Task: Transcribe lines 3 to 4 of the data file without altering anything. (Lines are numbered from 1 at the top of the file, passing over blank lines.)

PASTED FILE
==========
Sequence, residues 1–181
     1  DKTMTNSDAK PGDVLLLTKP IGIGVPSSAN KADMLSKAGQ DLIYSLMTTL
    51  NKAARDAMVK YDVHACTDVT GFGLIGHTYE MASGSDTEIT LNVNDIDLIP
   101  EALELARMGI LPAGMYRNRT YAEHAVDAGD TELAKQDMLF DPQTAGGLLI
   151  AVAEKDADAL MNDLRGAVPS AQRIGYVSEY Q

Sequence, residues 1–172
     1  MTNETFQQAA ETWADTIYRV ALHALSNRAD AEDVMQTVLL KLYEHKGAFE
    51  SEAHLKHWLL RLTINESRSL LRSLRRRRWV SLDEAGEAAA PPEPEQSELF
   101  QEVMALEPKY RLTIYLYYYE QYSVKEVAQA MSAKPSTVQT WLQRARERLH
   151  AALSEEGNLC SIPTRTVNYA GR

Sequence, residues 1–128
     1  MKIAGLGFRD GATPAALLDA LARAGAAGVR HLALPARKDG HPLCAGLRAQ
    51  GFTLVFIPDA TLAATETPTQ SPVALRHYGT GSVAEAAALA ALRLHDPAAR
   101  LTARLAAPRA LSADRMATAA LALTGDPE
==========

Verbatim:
    51  NKAARDAMVK YDVHACTDVT GFGLIGHTYE MASGSDTEIT LNVNDIDLIP
   101  EALELARMGI LPAGMYRNRT YAEHAVDAGD TELAKQDMLF DPQTAGGLLI